Left-liberalism is the ideology of the elite, and the inculcation of its doctrines is what is regarded as education, so of course liberals are on average smarter, better behaved, richer, more industrious, fitter, and more sexually attractive than conservatives. Failure to conform is almost always a sign of defect; almost never a sign of being more perceptive than one’s host society. However, when liberals say that conservatives are hostile to reason, they are making a more interesting claim, one about the role of public reason in our system compared to theirs.
Unfortunately, there have been few first-rate conservative epistemologists, and some, like Burke and Maistre, have spoken rather too sweepingly on this matter, so liberals cannot be blamed for any inaccurate conclusions on our attitude toward reason. We should admit that, while reason has a role in conservative governance, it is more subordinate than in liberal governance. We really do have a lower estimation of man’s ability to deduce principles of social justice from a priori reasoning. In this sense, conservatism is anti-reason in the same way that empirical science is anti-reason. Just as scientific reasoning begins from observations about the world and may not appeal to a priori reasoning to demand the data be different, so conservative moral reasoning begins with inherited practices and may not appeal to a priori reasoning to demand an overthrow of tradition.
Let’s try to draw this distinction more sharply, to be as fair as possible to both political traditions. Most liberals recognize that we first learn particular normative practices of an established social order, and then, by generalizing from them, apprehend abstract concepts such as fairness or equality. They would say, though, that once apprehended, such concepts are intelligible in themselves and can be used to critique the social order itself.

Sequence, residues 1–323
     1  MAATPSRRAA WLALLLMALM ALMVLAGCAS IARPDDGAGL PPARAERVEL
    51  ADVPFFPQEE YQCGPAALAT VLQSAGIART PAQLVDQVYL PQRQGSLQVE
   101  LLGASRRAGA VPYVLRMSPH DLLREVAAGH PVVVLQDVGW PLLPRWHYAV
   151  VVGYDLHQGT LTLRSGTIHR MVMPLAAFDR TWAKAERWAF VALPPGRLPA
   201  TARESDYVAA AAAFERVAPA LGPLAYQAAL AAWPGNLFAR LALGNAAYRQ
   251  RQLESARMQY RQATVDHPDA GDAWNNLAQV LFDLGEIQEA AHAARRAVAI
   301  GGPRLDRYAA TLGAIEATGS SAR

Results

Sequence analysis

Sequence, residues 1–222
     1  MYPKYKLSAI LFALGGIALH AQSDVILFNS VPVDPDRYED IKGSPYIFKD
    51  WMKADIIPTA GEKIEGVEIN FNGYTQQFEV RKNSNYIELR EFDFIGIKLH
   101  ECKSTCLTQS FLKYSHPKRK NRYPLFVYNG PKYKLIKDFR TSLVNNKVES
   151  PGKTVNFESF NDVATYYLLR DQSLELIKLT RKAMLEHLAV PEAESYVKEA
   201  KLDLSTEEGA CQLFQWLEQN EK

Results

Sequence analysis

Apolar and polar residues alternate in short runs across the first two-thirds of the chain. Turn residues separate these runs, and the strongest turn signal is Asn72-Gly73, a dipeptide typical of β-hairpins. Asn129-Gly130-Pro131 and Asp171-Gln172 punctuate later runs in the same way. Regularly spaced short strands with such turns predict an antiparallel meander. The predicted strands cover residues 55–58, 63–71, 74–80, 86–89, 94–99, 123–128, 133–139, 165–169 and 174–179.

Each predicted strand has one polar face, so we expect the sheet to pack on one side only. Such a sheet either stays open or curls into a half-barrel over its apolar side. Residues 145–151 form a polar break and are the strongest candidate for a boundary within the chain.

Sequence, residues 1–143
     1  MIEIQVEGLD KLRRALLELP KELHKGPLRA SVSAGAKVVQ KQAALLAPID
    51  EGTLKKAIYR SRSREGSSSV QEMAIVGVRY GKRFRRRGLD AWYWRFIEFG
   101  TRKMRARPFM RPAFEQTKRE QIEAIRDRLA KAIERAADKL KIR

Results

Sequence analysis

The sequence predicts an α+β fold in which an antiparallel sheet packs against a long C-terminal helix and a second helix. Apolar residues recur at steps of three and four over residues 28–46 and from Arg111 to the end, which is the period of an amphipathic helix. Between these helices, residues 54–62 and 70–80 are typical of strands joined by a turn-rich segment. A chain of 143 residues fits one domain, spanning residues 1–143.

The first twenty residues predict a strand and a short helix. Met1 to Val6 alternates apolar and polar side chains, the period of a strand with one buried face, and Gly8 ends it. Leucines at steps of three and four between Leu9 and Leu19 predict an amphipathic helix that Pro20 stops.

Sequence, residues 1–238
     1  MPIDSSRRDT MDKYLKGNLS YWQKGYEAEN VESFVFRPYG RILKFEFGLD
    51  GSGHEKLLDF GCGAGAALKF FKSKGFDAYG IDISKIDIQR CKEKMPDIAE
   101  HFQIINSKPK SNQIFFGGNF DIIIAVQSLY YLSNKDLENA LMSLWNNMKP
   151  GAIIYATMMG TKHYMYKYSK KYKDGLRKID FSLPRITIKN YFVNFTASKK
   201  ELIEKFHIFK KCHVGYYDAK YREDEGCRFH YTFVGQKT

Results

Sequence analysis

Conservatives lean toward more emergentist, less Platonist, understandings of abstract moral imperatives. A conservative would say that general normative principles–“treat others as ends and not merely as means”, “love thy neighbor”, etc–abstracted from a social context have very little definite content, that we need a society and its tradition to say what it means to treat someone fairly, what it means to recognize persons as ends in themselves, and which people are to be regarded as equal in what way. The particular rules always serve as a guide to understanding the general principles, so that when the former seem to conflict with the latter, it is usually our understanding of the principles that must be corrected.
There is another way conservatives could be said to assign reason a more humble role, regarding not what our intellects are able to prove but what they are able to say. What we can articulate is not the totality of what we know or to what we can commit ourselves. Conservatives often emphasize the importance of tacit knowledge and the power of symbolism, sacrament, myth, and ritual. Magnanimous liberals will often admit that ritual and symbolism can embody knowledge beyond the powers of the ignorant masses to directly comprehend, but they will usually assume that if this is true knowledge then the elite can know it in explicit propositional form, dispensing with all non-literal packaging. Conservatives will insist that the meaning of the sacraments is inexhaustible, that the fact that they are not literal speech allows them to exceed the limits of literal speech, and that we never outgrow our need for them, no matter how smart or articulate we get. The fact that most of us are not very smart or articulate perhaps makes it easier for us to accept this truth, but truth it remains.